This being harvest season, I thought I'd share a typical consulting conversation. I taught for 24 years a class at the UC Davis Extension called "Fundamentals of Wine Chemistry," and this is a former student's question which encapsulates many nuances of must correction principles which may be of interest to commercial winemakers and home enthusiasts, and may offer for general readership a glimpse into real life winemaking.
We took your “Fundamentals of Wine Chemistry” class last fall, and have a question. We just picked up some Viognier from Paso Robles with 3.5 pH and .5 TA; we have not started fermentation yet.
We’re thinking we want to raise the acid a little. In looking over my notes, I see that you gave an example of a Yolo Semillon that had the same specs, and you said the WRONG thing to do would be to add tartaric. You recommended adding 2g/l of malic acid instead, since adding tartaric would result in too low of a pH.
Unfortunately, our notes from the class did not list the malic component of your example.
Our goal is to capture the wonderful aromas of a traditional Viognier (and hopefully achieve good balance) with a cold fermentation at 50 F.
(the complete specs at harvest are brix=26.5, TA=0.5, pH=3.5, NH3=38ppm, AH=76ppm, YAN=114ppm, malic=2.19g/L, tartaric=4.64g/L, K=1789ppm, VA=0.013g/100mL)
We’d GREATLY appreciate any advice you have!! Thanks!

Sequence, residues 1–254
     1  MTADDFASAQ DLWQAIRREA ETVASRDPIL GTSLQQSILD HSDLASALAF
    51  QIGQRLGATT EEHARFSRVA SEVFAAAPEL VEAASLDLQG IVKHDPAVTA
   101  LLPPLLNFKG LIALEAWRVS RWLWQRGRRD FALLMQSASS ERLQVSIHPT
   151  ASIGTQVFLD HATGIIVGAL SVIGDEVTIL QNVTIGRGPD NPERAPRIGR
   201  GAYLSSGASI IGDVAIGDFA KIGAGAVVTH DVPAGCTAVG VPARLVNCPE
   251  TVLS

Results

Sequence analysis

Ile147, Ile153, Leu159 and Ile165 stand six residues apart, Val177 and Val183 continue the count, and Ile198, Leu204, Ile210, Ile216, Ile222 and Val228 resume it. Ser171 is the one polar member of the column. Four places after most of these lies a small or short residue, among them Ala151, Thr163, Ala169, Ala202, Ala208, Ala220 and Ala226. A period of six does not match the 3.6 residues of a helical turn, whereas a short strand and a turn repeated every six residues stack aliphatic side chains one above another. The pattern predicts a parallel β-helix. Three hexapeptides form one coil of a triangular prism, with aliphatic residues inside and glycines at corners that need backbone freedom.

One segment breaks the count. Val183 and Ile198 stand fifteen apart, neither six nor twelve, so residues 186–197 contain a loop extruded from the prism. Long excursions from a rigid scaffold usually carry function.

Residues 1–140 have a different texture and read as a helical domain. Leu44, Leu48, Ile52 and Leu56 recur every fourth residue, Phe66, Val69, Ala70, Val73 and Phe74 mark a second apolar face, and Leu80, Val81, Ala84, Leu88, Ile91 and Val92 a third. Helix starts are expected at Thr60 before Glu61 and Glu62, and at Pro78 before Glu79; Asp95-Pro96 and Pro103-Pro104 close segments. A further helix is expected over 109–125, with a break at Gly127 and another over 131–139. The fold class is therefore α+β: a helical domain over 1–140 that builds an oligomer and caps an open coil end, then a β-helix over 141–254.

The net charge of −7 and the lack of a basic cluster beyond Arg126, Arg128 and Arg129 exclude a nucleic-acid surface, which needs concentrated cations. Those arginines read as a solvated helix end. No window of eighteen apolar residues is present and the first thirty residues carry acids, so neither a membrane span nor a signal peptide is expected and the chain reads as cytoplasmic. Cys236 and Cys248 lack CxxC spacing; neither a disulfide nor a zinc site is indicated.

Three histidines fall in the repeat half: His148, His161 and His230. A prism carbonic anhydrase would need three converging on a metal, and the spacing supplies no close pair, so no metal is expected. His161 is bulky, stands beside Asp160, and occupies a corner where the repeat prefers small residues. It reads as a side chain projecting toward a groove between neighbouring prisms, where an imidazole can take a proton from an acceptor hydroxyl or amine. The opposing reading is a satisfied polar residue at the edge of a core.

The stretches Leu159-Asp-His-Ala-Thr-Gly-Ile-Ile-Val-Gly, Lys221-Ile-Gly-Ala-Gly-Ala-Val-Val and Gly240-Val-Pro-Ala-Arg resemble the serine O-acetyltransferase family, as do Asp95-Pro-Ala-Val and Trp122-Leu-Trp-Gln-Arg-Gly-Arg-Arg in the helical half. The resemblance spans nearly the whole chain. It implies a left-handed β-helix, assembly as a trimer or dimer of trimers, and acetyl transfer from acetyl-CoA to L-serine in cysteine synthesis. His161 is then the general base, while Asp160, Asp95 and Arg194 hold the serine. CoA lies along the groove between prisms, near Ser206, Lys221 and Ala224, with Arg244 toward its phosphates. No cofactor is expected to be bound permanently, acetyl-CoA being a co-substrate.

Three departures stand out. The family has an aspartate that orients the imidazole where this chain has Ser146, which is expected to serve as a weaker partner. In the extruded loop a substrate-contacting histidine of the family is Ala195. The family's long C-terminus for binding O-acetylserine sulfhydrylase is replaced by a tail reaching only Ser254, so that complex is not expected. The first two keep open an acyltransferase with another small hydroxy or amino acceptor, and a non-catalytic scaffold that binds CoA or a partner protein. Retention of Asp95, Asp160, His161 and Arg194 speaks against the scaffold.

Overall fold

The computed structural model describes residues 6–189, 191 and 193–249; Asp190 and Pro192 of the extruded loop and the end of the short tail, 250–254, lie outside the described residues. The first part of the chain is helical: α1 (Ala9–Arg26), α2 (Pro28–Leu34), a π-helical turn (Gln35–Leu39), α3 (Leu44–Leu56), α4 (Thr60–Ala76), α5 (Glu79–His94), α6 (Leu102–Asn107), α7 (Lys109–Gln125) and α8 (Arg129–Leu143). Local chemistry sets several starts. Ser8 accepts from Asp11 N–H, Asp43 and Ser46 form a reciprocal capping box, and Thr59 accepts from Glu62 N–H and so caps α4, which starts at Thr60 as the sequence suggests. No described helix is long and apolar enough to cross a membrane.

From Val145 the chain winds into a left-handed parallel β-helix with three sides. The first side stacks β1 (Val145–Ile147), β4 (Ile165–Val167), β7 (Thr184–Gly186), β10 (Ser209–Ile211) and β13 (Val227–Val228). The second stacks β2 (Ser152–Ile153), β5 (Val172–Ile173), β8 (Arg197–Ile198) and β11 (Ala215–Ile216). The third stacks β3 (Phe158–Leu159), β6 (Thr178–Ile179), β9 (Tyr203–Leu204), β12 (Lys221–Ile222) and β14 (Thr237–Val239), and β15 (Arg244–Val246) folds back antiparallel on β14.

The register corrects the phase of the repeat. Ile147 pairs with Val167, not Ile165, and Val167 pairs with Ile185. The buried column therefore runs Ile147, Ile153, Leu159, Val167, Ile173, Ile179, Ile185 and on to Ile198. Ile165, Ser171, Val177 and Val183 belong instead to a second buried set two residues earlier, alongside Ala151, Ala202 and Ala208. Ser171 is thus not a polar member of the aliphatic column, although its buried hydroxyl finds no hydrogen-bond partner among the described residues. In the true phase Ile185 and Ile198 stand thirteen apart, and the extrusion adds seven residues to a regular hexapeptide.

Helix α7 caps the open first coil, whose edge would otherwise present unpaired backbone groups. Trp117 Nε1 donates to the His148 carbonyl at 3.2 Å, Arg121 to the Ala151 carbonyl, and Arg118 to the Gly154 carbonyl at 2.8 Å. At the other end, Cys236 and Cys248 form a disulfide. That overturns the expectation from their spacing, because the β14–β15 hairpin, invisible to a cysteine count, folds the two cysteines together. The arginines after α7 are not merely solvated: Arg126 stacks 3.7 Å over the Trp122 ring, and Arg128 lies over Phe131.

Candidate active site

Go to the head of the class. You are exactly right, and you have avoided the disaster of an extremely low pH, perhaps 2.85 as in my example in 1986. The problem, which is common for German wines, is that at this pH, sulfur dioxide is very volatile, even at very low levels, so it interferes with the nose unless you use so little that you risk having none at all, in which case the wine may brown as did my Semillon.
Be sure your numbers are correct, and then adjust the TA with maybe 1.5 g/L using malic and see where you end up after fermentation. Because it’s lighter, you adjust with less; the ratio of the molecular weights is 0.893, so you really add 1.34 gm/L malic acid to achieve a boost of 1.5 gm/L in the TA.
The combination of this acid add and the precipitation of KHT should lower your pH to a good place, maybe 3.35 and 6 gm/L. That’s probably still too low a TA for you, but will give you a nice healthy fermentation and you can see how you like the result. Depending on how crisp you want the wine, you’ll probably want to finish with 6 – 7 g/L and a pH around 3.2 – 3.4. (I'm assuming no malolactic.) Depending on where you are, adjust further with malic or tartaric, bearing in mind that cold stabilization will further lower the pH and also the TA, and more so if you use tartaric.
Before you taste, it’s best to wait a few weeks for the hotness of freshly added acid to abate before you decide on further adjustments.
Congratulations on your excellent recall.